It is well known that Parkinson’s disease mostly affects older people. But apart from that, what other factors indicate higher chances of developing this debilitating illness?
Let’s take age itself as the starting point, because there are some nuances that are not generally known. In line with popular perceptions, about 90% of people with the illness are over 60 years old.
This is true even if you consider the age at which the symptoms first appear. Not even 10% of cases are diagnosed in adults under age 40. Most of the fresh diagnoses are in those above age 60.
However, that’s not the whole story.
Among those over 60, the risk goes up from age 60 to age 75. After that, it drops sharply. In other words, someone who is 85 years old is less likely to get Parkinson’s disease than someone who is 70, statistically speaking. This may seem surprising to most people.
Let’s look at it from another angle. The above statistics apply to those who have been diagnosed with the illness. If we take what is called Parkinsonism (meaning, symptoms of Parkinson’s that have other causes, or symptoms that may develop into the illness itself) into account, fully 15% of those between 60 and 75 have it. And between 75 and 84 years of age, an amazing 30% have the illness.
At the moment, around 3% of the population over age 65 is affected by the disease. But this percentage is estimated to double over the next four decades.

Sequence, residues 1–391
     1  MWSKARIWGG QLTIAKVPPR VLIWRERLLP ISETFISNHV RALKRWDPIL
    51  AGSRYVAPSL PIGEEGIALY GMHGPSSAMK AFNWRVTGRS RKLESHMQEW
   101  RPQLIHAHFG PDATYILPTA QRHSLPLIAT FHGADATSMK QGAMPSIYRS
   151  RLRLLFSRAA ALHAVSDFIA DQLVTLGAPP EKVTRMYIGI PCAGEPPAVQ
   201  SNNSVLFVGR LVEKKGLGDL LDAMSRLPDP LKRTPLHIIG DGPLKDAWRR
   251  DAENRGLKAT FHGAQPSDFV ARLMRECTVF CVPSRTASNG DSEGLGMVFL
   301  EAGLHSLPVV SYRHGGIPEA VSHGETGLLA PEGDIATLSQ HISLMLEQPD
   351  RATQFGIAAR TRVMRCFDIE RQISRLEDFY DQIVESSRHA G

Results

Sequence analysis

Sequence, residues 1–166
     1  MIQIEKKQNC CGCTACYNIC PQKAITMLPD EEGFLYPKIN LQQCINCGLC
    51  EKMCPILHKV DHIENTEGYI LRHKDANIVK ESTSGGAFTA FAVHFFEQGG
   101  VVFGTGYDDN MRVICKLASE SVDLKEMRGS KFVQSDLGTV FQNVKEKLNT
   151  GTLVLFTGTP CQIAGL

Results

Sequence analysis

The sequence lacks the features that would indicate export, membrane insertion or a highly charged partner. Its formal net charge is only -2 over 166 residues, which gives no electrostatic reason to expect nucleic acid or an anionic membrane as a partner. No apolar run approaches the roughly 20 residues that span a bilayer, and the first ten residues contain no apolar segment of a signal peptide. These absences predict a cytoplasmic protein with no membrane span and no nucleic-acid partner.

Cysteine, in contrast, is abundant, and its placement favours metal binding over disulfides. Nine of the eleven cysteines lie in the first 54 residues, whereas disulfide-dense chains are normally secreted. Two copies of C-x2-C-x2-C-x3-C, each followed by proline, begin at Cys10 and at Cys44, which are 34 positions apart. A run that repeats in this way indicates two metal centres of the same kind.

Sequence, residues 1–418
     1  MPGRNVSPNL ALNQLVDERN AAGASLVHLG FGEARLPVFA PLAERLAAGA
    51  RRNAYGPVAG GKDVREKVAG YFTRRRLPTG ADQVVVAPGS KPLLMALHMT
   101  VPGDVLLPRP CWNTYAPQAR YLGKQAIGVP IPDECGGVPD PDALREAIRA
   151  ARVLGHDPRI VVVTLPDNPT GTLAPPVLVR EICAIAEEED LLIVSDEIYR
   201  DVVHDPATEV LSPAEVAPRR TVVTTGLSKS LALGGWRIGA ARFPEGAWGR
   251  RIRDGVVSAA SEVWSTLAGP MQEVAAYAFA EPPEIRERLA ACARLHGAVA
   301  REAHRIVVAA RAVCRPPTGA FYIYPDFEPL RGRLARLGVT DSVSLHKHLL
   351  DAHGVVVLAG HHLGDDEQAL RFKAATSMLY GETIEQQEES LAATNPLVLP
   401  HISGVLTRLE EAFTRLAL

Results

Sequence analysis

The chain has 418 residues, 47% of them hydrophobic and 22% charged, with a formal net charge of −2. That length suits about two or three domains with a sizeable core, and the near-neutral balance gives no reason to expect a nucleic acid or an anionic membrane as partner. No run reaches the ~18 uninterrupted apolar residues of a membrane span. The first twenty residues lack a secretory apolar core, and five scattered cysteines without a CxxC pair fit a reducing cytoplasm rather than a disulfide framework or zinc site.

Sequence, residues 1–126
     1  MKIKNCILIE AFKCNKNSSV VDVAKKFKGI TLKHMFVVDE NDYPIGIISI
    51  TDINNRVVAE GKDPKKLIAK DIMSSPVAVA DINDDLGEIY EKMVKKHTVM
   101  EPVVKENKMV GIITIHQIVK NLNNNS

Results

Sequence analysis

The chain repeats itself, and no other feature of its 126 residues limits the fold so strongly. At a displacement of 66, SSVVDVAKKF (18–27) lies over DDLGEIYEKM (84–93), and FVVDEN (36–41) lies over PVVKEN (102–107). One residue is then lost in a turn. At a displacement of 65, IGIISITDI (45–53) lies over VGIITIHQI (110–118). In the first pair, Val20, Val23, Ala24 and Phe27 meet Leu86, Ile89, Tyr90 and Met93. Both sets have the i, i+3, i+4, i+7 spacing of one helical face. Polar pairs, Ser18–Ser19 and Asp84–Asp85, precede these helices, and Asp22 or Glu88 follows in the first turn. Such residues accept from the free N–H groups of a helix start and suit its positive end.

Age obviously has an impact on the disease. What other factors exist?
Gender is evidently another one. It is estimated that men have about twice as much risk of developing Parkinson’s as women. This applies to every age group.
Researchers theorize that the female hormone estrogen is responsible for the lower incidence of the disease among women. There are two facts to support this view.
The first is that women who have undergone hysterectomies have a somewhat higher risk of developing Parkinson’s disease. Secondly, women who are on hormone replacement therapies tend to have a lower incidence of the condition. These facts seem to imply that estrogen does play a role in preventing Parkinson’s.
The illness also seems to progress faster in men than in women. In terms of symptoms, women tend to be prone to disturbances in their gait, while men are more at risk of tremors and rigidity.
Heredity appears to play a role in the disease. Someone whose siblings who have developed Parkinson’s disease before the age 40 is at greater risk of falling victim to the illness. However, if the siblings develop the disease only in later years, heredity does not seem to play a prominent role.
There are differences among races in the incidence of Parkinson’s, so ethnicity does appear to play a role. Caucasians are at greater risk than Asian Americans or African Americans. Some research indicates that although races other than Caucasians have lower overall risk, they may carry a higher risk of other types of Parkinsonism which involves problems with the thinking process.
Apart from the above, some evidence suggests that caffeine might offer protection against this disease, to an extent. Drinking coffee regularly, it seems, is a useful preventive measure.
As can be seen, some factors do seem to create a higher risk of a person developing Parkinson’s disease. Researchers are digging deep for more clues that may one day lead to a full understanding of this condition.